3. Cemetery plot with marker, GPR data does not indicate interment. Criteria used to place a plot in this category are the absence of any clearly-defined radar anomalies, despite the presence of a marker indicating interment for the plot. In many cases, the photo inventory and transcription of the cemetery markers indicated that most plots in this category are family markers with incomplete inscriptions (lacking date of death) for one or more of the marked plots. A subset of this category, Cemetery plot with monument, GPR data does not indicate interment, is used for the case of a family plot monument that does not have an individual interment associated with the monument’s location.

  4. Cemetery plot with no marker, GPR data indicates (suggests) interment. Criteria used to place a plot in this category include the presence of a clearly-defined radar anomaly (used to indicate an interment is highly probable), or a weaker and less defined radar anomaly (used to suggest an interment is possible). In some cases, it is possible that the suggested interments in this category may be the result of tree roots or large root casts in the subsurface.

The depth of penetration of the GPR surveys is determined by the radar velocity of the subsurface materials- this velocity is a function of a physical property known as the dielectric constant. For these surveys a value for dry silt/sand (in keeping with the nature of the subsurface of the cemetery site) was used. The 200 MHz radar penetrated to a depth of ~ 20 to 30 feet, although clearly defined data is only found in the upper 10 to 15 feet. The depth of the GPR anomalies defined above was also utilized in the interpretation of the radar data in terms of cemetery plot status. Given the common practice of interment in a 6 foot deep grave, radar anomalies from 2 to 5 feet below the surface were considered to be possible anomalies to be evaluated for this survey. Anomalies deeper than 8 feet were not considered to represent probable interments.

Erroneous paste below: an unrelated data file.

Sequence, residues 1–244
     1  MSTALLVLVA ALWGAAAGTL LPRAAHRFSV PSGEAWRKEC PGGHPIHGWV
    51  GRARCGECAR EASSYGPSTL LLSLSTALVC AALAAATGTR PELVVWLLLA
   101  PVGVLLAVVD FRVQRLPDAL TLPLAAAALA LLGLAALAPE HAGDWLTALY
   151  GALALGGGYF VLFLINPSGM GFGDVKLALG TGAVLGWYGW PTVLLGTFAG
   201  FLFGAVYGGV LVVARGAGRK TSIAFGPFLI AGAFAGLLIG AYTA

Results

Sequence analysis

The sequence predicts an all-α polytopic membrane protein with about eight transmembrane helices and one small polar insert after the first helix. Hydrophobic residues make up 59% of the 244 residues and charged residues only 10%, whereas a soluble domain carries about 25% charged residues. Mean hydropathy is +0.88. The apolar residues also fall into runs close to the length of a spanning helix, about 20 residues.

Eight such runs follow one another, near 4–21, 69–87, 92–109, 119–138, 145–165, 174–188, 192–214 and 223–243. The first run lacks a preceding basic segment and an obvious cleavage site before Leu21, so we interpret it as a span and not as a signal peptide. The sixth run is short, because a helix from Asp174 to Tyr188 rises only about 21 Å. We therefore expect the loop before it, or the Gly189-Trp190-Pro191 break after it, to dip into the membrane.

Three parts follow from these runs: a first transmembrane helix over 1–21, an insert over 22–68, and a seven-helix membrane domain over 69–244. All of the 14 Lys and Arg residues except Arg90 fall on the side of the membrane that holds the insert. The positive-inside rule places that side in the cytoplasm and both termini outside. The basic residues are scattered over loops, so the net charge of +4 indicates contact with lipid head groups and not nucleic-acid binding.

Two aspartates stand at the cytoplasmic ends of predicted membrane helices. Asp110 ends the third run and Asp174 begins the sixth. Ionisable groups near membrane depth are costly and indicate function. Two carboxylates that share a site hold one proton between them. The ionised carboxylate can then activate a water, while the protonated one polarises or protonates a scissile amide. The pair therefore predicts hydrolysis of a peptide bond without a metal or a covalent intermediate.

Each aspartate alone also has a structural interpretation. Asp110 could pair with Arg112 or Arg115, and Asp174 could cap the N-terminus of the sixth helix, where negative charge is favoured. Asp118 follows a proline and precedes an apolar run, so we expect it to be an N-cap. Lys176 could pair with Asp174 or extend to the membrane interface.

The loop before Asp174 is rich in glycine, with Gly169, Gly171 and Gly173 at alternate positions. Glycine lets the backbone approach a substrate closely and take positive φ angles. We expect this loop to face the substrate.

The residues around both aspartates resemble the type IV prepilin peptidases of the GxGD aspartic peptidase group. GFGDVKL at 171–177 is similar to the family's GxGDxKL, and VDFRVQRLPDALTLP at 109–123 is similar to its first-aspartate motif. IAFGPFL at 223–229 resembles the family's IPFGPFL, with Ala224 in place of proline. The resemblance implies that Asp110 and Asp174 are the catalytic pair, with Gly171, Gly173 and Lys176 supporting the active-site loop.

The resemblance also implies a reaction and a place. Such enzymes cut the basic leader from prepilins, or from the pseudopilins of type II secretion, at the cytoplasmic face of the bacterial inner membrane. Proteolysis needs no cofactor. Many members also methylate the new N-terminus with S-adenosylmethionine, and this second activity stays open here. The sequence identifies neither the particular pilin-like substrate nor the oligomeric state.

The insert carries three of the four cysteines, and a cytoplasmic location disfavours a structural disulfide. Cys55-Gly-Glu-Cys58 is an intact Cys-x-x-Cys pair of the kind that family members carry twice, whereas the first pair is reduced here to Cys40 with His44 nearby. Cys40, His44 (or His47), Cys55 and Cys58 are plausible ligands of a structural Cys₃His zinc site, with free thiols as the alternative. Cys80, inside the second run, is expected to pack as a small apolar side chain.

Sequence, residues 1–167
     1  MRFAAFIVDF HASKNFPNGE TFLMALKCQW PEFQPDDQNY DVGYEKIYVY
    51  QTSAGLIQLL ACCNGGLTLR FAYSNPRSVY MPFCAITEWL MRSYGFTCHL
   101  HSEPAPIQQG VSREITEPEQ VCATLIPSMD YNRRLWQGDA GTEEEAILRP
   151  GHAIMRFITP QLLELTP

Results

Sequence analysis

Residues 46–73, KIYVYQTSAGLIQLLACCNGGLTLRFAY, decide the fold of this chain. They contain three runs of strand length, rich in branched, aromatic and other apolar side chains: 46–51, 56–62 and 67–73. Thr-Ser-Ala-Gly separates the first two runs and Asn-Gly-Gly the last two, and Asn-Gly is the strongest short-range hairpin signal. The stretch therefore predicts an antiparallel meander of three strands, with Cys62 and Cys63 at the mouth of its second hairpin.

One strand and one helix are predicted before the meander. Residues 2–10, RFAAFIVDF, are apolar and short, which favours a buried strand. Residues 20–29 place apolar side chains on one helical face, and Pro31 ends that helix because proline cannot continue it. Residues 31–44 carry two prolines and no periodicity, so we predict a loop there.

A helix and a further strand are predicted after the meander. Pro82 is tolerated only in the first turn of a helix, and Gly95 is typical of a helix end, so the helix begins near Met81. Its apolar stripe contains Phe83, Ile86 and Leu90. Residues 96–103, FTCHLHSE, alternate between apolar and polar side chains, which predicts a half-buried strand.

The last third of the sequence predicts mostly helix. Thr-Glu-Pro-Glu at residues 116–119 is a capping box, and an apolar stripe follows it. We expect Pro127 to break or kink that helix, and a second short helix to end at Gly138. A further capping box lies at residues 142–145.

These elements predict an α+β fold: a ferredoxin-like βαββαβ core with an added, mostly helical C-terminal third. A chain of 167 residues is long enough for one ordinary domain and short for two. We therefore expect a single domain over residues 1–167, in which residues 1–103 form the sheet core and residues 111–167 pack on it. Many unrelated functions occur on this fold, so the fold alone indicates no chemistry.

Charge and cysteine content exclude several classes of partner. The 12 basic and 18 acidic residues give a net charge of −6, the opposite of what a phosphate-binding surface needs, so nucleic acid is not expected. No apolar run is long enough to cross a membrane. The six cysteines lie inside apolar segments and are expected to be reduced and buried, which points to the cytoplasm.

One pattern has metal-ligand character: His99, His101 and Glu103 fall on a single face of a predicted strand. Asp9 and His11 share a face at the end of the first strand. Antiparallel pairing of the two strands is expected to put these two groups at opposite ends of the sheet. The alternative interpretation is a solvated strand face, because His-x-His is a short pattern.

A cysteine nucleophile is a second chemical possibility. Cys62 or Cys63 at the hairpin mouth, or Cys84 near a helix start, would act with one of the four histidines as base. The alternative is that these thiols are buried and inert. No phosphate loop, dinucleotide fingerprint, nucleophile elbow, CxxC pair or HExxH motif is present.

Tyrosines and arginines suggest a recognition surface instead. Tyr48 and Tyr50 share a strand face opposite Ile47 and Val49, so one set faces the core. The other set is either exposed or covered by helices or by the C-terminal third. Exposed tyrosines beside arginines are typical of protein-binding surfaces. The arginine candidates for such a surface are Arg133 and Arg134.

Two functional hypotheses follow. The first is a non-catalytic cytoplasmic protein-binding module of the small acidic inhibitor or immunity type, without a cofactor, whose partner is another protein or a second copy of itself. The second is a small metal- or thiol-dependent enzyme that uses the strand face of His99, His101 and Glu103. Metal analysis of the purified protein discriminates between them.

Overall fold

In order to illustrate how the GPR data were interpreted and used to place all of the cemetery plots within one of these categories, several examples of the data are presented below.

     Example one shows some well-defined and poorly defined radar anomalies. This example is from Area A, Lot 95. The map and photo survey indicate that markers are present for plots A, B, E, and F for this lot. Plots A and B are marked by a family (couple) headstone (Peter Bonsen, 1894-1980 and Margaret Bonsen, 1900-1978). Both of these burials have very distinct radar anomalies, and are good examples of the strong radar reflections that are common in graves that are less than ~60 years old. Plot E has a similarly well-defined radar anomaly, and is also a recent burial (Mary Bonsen, 1904-1994). Plot F has a much weaker and less pronounced, but still apparent, radar anomaly. This burial (Christian Bonsen, 1897-1958) may be an urn or other cremains, or did not include a vault. Plots C and D lack even weak radar anomalies, and so are interpreted to be clear of any interments.


Plot A Cemetery plot with marker, GPR data confirms interment
Plot B Cemetery plot with marker, GPR data confirms interment
Plot C Cemetery plot with no marker, GPR data shows is clear of interment
Plot D Cemetery plot with no marker, GPR data shows is clear of interment
Plot E Cemetery plot with marker, GPR data confirms interment
Plot F Cemetery plot with marker, GPR data confirms interment

     Example two, plots with small, and old, interments that have weak radar anomalies. In this example, from Area A Lot 140, plot C is marked “Infant Knapp”, the GPR data show a clear, but very weak, radar anomaly. Plots A and B have weak but noticeable radar anomalies- both plots have relatively old burials (plot B, Eva G. Thompson, 1856-1926 and plot A, Rhoda A. Lanpher, 1832-1912). It has been generally found that older burials often- but not always- have weak radar anomalies such as these. Plots D-F lack any even weakly defined anomalies, and have a set of continuous radar reflectors that indicate preservation of the original soil/sediment strata beneath the surface.


Plot A Cemetery plot with marker, GPR data confirms interment
Plot B Cemetery plot with marker, GPR data confirms interment